Friday, November 14, 2008

Unit testing databases with TSQLUnit

In preparation to doing a lot of database work (think schema/DDL changes) for the next several months, I thought it would be important to define methodologies and tools to manage the development process. Having been heavily applying a test-driven development (TDD) approach in a recent project for an ASP.NET C# web application, it seemed logical and now quite natural to continue pursuing a similar path and mindset but one now more targeted towards database development.

TSQLUnit and TDD

To facilitate a smooth flow with TDD, it was key to identify a suitable testing framework to support my goal. After some research and comparisons, I eventually settled on TSQLUnit, an xUnit framework for MS SQL Server. It is interesting to note that for every programming language that exists out there, it is expected that someone will eventually create an xUnit style testing framework for it. Why should SQL Server be any different?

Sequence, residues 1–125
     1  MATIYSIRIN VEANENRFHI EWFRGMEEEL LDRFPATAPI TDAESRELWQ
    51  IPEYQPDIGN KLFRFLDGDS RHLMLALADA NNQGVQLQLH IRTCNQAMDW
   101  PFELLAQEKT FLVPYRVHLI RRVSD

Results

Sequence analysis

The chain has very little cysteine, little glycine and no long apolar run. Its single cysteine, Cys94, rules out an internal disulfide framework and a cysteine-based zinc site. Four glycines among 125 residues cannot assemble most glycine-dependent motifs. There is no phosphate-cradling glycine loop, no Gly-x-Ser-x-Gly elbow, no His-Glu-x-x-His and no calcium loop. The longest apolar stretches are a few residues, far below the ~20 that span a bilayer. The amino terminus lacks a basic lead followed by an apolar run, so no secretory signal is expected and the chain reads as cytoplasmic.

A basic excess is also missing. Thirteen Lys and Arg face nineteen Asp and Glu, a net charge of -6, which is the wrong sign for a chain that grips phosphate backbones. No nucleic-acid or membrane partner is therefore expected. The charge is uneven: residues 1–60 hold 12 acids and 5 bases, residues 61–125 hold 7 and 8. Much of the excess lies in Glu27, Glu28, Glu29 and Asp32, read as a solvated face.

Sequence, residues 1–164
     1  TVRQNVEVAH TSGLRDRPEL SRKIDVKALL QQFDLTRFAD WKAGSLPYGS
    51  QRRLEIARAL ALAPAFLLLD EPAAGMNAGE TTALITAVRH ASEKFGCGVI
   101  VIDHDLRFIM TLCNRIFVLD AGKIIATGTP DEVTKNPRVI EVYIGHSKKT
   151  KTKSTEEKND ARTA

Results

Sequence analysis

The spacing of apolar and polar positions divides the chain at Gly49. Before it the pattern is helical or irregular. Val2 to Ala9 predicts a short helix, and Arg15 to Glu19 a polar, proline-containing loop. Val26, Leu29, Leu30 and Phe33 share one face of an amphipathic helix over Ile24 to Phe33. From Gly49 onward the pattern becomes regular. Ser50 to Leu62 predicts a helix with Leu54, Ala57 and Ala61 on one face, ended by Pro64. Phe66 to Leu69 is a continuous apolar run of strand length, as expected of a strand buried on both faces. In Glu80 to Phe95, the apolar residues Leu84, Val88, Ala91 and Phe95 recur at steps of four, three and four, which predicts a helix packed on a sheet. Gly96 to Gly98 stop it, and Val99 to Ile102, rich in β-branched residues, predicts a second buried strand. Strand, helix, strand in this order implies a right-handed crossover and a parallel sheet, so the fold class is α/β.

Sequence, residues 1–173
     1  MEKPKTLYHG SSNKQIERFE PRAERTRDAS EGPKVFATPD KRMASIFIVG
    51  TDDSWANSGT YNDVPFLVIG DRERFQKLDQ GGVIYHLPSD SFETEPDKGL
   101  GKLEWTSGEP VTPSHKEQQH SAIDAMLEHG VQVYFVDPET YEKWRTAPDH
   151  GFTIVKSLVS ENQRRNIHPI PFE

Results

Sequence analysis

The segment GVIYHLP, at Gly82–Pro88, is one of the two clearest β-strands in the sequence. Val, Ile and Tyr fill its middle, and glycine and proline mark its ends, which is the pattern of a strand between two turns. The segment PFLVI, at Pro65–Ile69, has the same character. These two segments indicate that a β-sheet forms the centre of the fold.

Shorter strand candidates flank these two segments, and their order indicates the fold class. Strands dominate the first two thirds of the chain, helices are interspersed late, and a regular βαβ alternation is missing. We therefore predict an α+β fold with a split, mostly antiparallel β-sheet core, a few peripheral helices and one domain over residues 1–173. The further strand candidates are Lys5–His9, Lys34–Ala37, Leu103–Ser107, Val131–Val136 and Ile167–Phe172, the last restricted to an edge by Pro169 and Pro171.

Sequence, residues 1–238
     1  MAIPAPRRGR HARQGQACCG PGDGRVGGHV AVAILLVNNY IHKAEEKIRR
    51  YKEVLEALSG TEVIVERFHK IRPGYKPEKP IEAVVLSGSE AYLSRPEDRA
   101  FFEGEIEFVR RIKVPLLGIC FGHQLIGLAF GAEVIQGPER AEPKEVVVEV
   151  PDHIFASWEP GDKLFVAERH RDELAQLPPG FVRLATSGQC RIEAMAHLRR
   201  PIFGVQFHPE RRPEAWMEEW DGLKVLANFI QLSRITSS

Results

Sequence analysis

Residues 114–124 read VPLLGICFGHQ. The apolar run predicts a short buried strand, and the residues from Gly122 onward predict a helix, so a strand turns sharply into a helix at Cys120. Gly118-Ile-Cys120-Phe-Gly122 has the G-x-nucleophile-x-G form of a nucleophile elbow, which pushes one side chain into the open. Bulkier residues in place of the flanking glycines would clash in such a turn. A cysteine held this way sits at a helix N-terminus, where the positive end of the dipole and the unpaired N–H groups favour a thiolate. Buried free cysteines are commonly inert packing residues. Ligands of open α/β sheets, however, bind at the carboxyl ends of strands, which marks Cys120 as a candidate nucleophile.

Database testing could be performed from the application side but the nature of the development was primarily schema/DDL changes (e.g. mostly dropping and removing tables, columns, etc.) that involved very little or no business logic. Otherwise, app code would be a better and more appropriate candidate to handle testing the db. This particular scenario lent itself to finding and using something that was as close to the database as possible ideally where the unit tests can be written and supported by the TSQL language itself. The intent was to try and follow one of the core tenets of any xUnit framework which is to do testing in the same language as the code that requires to be changed. TSQLUnit seemed the best fit.

Regardless, it is quite probable, in the future, that I might disregard all of above and still switch to testing all aspects of the database using C#. This is not because of TSQLUnit but because the TSQL language itself can be so cumbersome to work with especially if you are accustomed to the power and flexibility of a non-declarative programming language such C#. For the moment, it is satisfies my current needs for testing so it will suffice.

A Few Key Features of TSQLUnit